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May 22, 2013

GHS carpentry elective builds student excitement

GHS elective carpentry course a hit with students

Four cheerful and brand new-looking Adirondack chairs sit in the sun outside Gloucester High School’s Cabinet Design and Innovation shop, with four smiling senior girls busily painting and varnishing them.

They know they’re lucky: They got into this class. Most students can’t.

While the year-long elective class, taught on three levels of difficulty, has been presented at the school for over 50 years, there is a strict 75-student limit for the five-class-per-day, 15-student enrollment total, explains teacher Tim Rose. And every year, more than 200 GHS students request to join the class, he says, with most being turned away because their schedule and the class size limit prevent it.

“I love this,” said senior Brianna Saputo, as she painted her pine chair white, while the other girls chimed in with similar sentiments. “I didn’t think I’d like something like this, but I do,” Saputo said.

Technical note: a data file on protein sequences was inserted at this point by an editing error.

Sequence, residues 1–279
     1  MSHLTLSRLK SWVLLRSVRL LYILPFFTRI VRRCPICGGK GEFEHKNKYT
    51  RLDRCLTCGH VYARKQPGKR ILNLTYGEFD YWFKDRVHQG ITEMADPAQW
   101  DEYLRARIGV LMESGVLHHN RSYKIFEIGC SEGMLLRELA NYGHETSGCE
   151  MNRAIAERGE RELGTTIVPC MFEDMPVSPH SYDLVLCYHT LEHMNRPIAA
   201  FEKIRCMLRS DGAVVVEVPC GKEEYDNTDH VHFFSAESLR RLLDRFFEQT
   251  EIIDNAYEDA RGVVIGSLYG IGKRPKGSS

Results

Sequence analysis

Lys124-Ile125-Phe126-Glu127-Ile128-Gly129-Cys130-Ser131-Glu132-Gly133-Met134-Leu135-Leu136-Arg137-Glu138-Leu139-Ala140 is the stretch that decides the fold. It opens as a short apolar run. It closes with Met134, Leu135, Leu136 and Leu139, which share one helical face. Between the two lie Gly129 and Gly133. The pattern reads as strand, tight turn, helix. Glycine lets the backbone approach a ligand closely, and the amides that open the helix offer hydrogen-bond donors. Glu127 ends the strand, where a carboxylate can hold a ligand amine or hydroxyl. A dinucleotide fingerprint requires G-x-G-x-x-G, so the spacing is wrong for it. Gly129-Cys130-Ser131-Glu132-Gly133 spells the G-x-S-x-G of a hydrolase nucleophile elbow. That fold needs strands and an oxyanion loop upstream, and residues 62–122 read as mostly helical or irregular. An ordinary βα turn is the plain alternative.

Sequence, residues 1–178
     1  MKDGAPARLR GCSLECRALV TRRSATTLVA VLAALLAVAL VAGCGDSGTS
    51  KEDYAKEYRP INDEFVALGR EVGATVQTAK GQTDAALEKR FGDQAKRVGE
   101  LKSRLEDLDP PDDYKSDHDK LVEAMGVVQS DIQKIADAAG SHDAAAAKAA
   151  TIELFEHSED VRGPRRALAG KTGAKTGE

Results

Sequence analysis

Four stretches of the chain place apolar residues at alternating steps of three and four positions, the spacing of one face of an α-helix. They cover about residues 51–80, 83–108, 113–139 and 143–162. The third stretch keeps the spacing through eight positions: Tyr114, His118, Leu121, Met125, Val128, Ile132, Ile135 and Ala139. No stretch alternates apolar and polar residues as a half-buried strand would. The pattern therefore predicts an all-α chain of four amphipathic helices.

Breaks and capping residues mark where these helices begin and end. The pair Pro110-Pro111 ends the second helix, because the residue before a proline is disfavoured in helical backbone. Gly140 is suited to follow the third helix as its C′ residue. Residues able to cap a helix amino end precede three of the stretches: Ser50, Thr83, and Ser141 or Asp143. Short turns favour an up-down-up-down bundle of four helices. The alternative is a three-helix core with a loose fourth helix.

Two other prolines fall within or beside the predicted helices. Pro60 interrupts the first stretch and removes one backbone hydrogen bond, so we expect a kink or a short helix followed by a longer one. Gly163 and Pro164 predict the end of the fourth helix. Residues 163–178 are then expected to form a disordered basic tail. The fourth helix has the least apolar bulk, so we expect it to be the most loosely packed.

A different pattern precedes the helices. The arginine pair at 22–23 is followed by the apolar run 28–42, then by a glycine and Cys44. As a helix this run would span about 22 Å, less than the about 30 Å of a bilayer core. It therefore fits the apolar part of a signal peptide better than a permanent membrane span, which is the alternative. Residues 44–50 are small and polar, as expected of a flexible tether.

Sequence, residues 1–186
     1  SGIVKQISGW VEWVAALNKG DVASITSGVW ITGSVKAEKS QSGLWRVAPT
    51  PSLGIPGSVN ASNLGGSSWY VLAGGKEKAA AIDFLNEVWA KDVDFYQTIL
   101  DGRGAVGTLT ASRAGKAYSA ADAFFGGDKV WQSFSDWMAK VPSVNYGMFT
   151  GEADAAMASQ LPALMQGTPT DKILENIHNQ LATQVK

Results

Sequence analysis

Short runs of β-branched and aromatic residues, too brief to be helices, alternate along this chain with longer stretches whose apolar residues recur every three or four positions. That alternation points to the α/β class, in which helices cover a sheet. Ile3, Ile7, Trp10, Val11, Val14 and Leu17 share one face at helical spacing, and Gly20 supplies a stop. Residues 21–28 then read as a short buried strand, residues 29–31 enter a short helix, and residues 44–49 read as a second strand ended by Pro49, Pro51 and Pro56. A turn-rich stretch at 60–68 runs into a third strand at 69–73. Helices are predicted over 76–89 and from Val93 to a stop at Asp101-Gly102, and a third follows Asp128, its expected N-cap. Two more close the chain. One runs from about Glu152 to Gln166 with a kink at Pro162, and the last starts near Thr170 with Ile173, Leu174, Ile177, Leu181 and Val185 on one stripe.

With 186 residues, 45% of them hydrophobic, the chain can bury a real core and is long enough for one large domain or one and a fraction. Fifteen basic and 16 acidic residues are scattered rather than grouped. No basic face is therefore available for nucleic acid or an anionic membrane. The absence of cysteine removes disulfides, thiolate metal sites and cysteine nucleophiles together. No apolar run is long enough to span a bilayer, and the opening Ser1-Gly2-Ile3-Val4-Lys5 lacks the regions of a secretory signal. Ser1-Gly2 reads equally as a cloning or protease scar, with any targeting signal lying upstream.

She was painting white the wooden chair she built. She and the other four girls are new to learning about carpentry this school year, but they’ve already built shelves and step stools as well.

Rose said a lot of his seniors who try his class in their last year at school wish they’d known about it earlier in their high school careers.

Senior Ian Richards said he’s very excited about using a free Google software program called SketchUp that the class uses to design three-dimensional objects he’s working on, from his shelving to a step stool he already completed. He was playing around with variations on his step stool design. The step stool design is deceptively simple: it utilizes every single machine in the shop, Rose said, so the students learn how to use each one in turn.

The well-appointed, spacious shop has computers, many kinds of woodworking machinery, is full of natural light and room to spread out and work on projects large and small. Wooden furniture pieces are scattered all around the shop - from grandfather clocks and coffee tables to an oak baseball bat in progress on a lathe. Once completed, the bat will be used at an upcoming varsity baseball game, Rose said.

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